OAKLAND, Calif. -- The U.S. Department of Homeland Security’s Federal Emergency Management Agency (FEMA) has made federal funds available to help defray the firefighting costs for the Waterfall fire burning in Kings Canyon near Carson City, Nevada.
Michael D. Brown, under secretary of Homeland Security for Emergency Preparedness and Response, approved the request for federal fire management assistance for the Waterfall fire at 10:03 a.m. The request was made by the state at 7:15 a.m.
The Waterfall fire has burned more than 300 acres, threatening 350 homes and exhibiting extreme behavior. About 200 personnel are responding to the fire that caused an evacuation of 50 homes closest to the flames.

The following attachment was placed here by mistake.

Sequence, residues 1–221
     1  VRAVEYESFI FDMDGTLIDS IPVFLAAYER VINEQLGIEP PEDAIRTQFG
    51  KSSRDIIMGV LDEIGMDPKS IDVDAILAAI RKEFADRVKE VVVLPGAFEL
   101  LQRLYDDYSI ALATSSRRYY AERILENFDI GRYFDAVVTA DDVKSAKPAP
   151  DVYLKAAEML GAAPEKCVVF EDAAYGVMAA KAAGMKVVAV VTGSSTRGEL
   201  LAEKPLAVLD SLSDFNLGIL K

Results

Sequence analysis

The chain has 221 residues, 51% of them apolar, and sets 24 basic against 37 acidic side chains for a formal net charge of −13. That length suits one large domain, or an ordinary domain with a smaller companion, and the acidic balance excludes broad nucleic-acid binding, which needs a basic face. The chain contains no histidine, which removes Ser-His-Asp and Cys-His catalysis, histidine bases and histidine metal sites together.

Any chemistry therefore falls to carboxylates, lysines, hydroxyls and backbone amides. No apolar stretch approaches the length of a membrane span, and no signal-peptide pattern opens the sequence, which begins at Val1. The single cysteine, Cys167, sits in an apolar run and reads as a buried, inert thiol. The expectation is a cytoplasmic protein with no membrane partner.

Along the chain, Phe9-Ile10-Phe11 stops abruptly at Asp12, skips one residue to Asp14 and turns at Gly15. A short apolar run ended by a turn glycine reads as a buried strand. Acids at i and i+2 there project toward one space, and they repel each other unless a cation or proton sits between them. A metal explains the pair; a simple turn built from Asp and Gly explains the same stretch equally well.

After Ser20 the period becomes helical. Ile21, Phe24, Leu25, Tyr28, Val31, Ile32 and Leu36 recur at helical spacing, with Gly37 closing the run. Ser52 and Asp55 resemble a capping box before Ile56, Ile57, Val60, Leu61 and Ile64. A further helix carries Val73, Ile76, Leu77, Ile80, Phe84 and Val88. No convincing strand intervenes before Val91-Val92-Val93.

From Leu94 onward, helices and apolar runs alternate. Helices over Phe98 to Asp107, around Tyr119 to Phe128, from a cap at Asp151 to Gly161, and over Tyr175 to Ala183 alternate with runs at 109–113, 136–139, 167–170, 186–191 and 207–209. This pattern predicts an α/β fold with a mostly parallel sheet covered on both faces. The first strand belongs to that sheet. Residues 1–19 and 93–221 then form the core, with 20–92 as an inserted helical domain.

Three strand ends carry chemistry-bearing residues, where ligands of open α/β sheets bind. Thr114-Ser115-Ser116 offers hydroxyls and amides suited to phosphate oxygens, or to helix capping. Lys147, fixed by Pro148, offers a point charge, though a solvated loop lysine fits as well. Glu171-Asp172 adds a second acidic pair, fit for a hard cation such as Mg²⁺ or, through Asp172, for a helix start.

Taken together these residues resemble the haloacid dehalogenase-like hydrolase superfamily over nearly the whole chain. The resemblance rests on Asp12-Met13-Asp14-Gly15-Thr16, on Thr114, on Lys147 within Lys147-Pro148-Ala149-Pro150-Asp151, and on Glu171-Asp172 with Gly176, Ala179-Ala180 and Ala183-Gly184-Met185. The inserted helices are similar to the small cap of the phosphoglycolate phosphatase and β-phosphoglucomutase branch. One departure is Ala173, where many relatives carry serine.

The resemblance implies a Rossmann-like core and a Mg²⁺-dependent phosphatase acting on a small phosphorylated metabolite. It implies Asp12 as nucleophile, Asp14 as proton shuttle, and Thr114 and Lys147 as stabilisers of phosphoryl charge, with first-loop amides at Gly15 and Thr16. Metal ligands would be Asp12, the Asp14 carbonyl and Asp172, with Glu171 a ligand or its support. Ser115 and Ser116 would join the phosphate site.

Federal fire management assistance is provided through the President's Disaster Relief Fund and made available by FEMA to assist in fighting fires that threaten to cause a major disaster. The assistance pays 75 percent of a state’s eligible firefighting and emergency response costs under an approved grant for managing, mitigating and controlling designated fires. Eligible state firefighting costs covered by the aid can include expenses for field camps; equipment use, repair and replacement; tools, materials and supplies; and mobilization and demobilization activities.
On March 1, 2003, FEMA became part of the U.S. Department of Homeland Security. FEMA's continuing mission within the new department is to lead the effort to prepare the nation for all hazards and effectively manage federal response and recovery efforts following any national incident. FEMA also initiates proactive mitigation activities, trains first responders, and manages the National Flood Insurance Program and the U.S. Fire Administration.